Cynical me thinks that "guided by the spirit of democracy" is a bit loftier than what was reality, lol, but that's not relevant to this discussion.

Both the Church's canon and the Constitution have the same purpose: To provide written guidelines intended to keep order and organization in human social constructs.

Back to the OP's question: Is it necessary for a follower of Jesus Christ to have such guidelines?

The answer to those like you who believe that it was all planned by God from the get-go to have fallen out the way it did is yes.

To the OP and me and a few others who have posted who believe the scriptural canon is wholly a man-made construct, the answer is no.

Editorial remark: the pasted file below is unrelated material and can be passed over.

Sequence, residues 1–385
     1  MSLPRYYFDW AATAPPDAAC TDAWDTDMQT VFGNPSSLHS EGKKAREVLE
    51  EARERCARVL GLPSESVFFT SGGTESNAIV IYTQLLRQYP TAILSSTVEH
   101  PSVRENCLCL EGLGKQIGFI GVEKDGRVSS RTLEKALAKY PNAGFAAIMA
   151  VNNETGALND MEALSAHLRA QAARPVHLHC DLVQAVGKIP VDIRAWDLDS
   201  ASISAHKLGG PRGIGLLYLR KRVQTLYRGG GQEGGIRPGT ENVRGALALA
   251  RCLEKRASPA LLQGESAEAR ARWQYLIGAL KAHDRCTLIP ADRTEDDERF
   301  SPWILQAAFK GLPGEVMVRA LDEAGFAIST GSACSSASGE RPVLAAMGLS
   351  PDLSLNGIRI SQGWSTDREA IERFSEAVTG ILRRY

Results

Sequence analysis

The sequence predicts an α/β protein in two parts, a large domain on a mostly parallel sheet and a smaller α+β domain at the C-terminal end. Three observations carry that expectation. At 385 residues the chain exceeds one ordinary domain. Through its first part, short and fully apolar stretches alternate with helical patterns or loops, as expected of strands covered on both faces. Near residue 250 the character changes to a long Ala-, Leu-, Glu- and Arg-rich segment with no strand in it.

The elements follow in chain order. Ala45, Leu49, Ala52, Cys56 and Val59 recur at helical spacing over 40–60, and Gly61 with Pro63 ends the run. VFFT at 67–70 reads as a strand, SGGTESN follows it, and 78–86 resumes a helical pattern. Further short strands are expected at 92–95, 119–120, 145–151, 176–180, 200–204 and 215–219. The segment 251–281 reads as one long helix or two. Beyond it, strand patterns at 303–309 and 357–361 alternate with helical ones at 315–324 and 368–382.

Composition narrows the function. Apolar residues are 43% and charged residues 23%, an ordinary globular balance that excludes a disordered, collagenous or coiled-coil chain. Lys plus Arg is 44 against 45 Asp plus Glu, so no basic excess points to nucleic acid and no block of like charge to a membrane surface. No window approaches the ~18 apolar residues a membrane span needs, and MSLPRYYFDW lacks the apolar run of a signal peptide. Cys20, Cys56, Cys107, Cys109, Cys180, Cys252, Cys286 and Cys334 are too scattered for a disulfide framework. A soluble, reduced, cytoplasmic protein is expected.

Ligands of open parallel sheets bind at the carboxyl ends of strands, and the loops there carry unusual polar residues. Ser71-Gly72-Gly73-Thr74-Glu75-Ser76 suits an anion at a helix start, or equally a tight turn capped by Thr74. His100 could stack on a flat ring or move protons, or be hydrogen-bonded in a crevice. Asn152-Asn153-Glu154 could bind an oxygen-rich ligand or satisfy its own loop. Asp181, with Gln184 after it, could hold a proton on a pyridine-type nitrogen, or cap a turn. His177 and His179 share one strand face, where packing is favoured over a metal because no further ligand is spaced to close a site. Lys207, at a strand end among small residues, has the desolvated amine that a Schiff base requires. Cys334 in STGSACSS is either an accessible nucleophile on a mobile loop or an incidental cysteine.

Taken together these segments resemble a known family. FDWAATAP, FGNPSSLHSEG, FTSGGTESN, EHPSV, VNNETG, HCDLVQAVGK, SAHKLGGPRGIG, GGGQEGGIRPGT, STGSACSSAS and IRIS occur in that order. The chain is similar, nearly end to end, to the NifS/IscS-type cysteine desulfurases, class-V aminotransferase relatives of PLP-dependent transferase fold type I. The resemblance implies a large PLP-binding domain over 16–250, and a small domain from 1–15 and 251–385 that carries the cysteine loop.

Believing is not evidence. Many others believe the canons are from God, not from man.
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Old 08-04-2018, 12:16 PM
 
Location: knoxville, Tn.
4,765 posts, read 1,446,065 times
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Quote:
Originally Posted by OzzyRules View Post
They are merely "historical" because the kind of people attracted to organized religion, mean and judgmental types, don't like the idea of purgatory. They don't believe in forgiving others, so why should their god. They made him in their own image.

Thanks for continuing to confirm your ignorance of conservative Christianity.



We don't accept purgatory because it is not in the Protestant canon, and we see no need for it. The Bible requires Christians to forgive even our enemies. How can you say we don't believe in forgiving others.